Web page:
Collin County Criminal Lawyer

Derk A. Wadas

The Wadas Law Office maintains a practice dedicated solely to providing superior representation in federal criminal cases, as well as Texas state charges. If you have been arrested or are under investigation for a criminal offense, you need a Collin County criminal lawyer with the experience, judgment, and expertise to effectively represent you.

    Derk Wadas is an experienced and respected attorney with decades of law practice experience in nearly every aspect of criminal law and procedure.  Derk has been successfully practicing criminal law  for twenty three years. He has been helping people avoid or minimize the harsh outcomes of the criminal justice system since 2005, after first spending six years as a prosecutor

    He has received numerous awards and recognition, including Board Certification in Criminal Law by the Texas Board of Legal Specialization, a distinction he earned and has maintained since 2011. He has been named a Super Lawyer by Texas Super Lawyers Magazine every years since 2014.  This is  an award only given to less than 5% of the attorneys in the state.

  Derk is a former Collin County Assistant District Attorney where he served a felony criminal prosecutor, and was the chief misdemeanor prosecutor in County Courts at Law Number One and Two. As a prosecutor, Derk tried over seventy five cases to a jury and handled hundreds more successfully.  In addition Derk successfully represented the State on appeals in dozens of cases.  As a defense attorney, he has tried many, many more cases and has achieved numerous not guilty verdicts, charge reductions and outright dismissals. He also has successfully represented numerous clients on appeal and in post conviction litigation.  In 2015 he secured the reversal of a life sentence for a client in a Federal Appeals Court,

It is very important to Derk to remain at the forefront of the developing law and defenses in his field. For this reason he is a member of organizations such as the Collin County Criminal Defense Lawyers Association, an organization of which he is past President, Vice President and Board Member,  the Texas Criminal Defense Lawyers Association, the Bar Association for the Federal Fifth Circuit, and the Association of Federal Defense Attorneys.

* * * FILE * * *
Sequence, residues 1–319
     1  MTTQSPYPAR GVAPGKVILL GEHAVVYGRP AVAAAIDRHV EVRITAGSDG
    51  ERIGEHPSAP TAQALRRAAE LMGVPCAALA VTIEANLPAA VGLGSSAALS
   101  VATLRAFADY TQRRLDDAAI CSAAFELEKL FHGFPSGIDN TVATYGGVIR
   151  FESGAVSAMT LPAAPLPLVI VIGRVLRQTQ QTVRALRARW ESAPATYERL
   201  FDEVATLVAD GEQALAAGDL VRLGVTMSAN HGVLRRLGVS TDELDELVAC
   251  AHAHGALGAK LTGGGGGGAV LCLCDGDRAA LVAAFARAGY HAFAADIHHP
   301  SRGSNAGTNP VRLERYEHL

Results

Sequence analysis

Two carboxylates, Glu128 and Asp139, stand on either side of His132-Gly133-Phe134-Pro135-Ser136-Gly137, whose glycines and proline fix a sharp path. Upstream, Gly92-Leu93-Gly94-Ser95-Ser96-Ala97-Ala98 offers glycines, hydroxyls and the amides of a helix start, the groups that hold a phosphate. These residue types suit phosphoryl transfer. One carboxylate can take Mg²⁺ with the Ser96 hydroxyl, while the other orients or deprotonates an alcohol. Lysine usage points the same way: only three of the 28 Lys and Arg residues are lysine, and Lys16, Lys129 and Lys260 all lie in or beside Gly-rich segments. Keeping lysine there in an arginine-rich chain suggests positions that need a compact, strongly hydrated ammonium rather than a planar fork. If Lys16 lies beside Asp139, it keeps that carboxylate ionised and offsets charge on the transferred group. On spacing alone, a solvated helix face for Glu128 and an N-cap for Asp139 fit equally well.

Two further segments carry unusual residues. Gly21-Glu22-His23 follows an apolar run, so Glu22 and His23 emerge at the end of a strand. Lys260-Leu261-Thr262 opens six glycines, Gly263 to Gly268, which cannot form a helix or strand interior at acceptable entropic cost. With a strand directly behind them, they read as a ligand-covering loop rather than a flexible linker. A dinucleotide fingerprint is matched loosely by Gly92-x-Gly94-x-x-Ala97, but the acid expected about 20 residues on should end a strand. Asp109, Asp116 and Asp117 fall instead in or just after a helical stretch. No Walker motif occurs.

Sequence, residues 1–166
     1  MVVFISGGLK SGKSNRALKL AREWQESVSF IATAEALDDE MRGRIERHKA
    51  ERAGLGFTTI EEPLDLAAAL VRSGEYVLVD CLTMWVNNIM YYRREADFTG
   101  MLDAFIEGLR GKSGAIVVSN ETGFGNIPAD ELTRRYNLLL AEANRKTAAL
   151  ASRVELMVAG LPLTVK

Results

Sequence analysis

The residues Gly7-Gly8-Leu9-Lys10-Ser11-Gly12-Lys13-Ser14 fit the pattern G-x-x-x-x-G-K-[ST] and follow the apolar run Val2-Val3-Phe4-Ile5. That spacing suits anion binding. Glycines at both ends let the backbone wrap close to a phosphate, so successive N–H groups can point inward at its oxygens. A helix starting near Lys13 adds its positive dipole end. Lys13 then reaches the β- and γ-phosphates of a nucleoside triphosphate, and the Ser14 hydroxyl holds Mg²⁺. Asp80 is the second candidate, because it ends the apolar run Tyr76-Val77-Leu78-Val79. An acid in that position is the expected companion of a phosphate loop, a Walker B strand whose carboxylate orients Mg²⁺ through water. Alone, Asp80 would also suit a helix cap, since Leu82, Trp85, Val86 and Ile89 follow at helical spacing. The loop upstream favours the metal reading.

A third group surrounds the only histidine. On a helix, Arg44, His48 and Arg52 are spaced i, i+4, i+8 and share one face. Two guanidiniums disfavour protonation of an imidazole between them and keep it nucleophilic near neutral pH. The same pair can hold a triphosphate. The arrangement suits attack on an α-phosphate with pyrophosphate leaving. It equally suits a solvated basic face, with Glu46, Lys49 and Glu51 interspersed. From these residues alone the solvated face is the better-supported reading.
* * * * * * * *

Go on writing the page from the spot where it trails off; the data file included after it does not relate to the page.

Outside of the courtroom, Derk is a serious and very competitive runner and racer.  To be a successful racer, attention to detail, relentless and consistent preparation, and desire to win are all critical.  The same traits are also necessary and critical to successfully defending someone who stands accused of a criminal offense. 

Criminal Defense

Crimes may be misdemeanors or felonies. Felonies are more serious crimes that are punishable with more than one year in jail. In Texas, common examples of felonies include robbery, burglary, arson, aggravated assault and battery, murder, and kidnapping. All crimes must be established beyond a reasonable doubt. While this is a tough standard, charges are usually brought only once a prosecutor believes that they have gathered a sufficient amount of evidence to support the charge. It is critical to retain a skillful criminal attorney in the McKinney area to protect your rights.

Federal Criminal Defense

Federal criminal charges are very serious, and they can result in substantial mandatory minimum sentences. These are sentences over which the judge has no discretion, such that they must impose a certain amount of prison time if you are convicted. Federal criminal defense requires that you retain an experienced attorney with good judgment who has a deep understanding of the United States Sentencing Guidelines, federal criminal laws, and Federal Rules of Criminal Procedure. Mr. Wadas stays abreast of developments in federal criminal conspiracy law, the sentencing guidelines, and federal criminal practice case law. He provides defenses to federal charges such as drug trafficking, drug conspiracy, money laundering, conspiracy to transport or harbor illegal aliens, firearms violations, and fraud.

Drug Crimes

Drug crimes are treated harshly in Texas. They may involve heroin, cocaine, methamphetamine, marijuana, or prescription drugs. A conviction can haunt you far into the future, affecting a job search or housing search. You should retain a McKinney criminal attorney who can look for ways in which your statutory or constitutional rights may have been violated while the police were getting evidence. Evidence seized in violation of your rights may be subject to a motion to suppress. Mr. Wadas has handled drug cases since 1998, first as a prosecutor and now as a criminal defense attorney.

Federal Drug Crimes